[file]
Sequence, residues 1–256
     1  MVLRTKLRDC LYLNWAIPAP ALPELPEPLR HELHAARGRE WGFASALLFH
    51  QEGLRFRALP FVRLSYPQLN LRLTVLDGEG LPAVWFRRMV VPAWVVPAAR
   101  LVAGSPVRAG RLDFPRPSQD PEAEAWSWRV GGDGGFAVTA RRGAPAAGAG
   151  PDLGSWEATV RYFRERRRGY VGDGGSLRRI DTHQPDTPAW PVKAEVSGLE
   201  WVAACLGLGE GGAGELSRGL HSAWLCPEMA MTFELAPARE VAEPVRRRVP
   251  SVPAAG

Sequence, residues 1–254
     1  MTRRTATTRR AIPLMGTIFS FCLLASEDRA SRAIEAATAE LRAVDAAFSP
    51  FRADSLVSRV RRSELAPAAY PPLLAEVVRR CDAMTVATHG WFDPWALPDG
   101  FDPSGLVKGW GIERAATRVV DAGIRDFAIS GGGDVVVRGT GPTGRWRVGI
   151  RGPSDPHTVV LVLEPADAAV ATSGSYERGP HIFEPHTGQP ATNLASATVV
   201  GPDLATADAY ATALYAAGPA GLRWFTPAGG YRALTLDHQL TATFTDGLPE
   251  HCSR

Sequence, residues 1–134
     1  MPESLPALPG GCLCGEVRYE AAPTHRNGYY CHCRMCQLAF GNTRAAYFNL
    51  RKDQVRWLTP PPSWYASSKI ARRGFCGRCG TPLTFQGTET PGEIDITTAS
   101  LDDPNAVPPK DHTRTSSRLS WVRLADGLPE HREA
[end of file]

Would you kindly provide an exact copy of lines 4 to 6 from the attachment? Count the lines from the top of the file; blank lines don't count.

   101  LVAGSPVRAG RLDFPRPSQD PEAEAWSWRV GGDGGFAVTA RRGAPAAGAG
   151  PDLGSWEATV RYFRERRRGY VGDGGSLRRI DTHQPDTPAW PVKAEVSGLE
   201  WVAACLGLGE GGAGELSRGL HSAWLCPEMA MTFELAPARE VAEPVRRRVP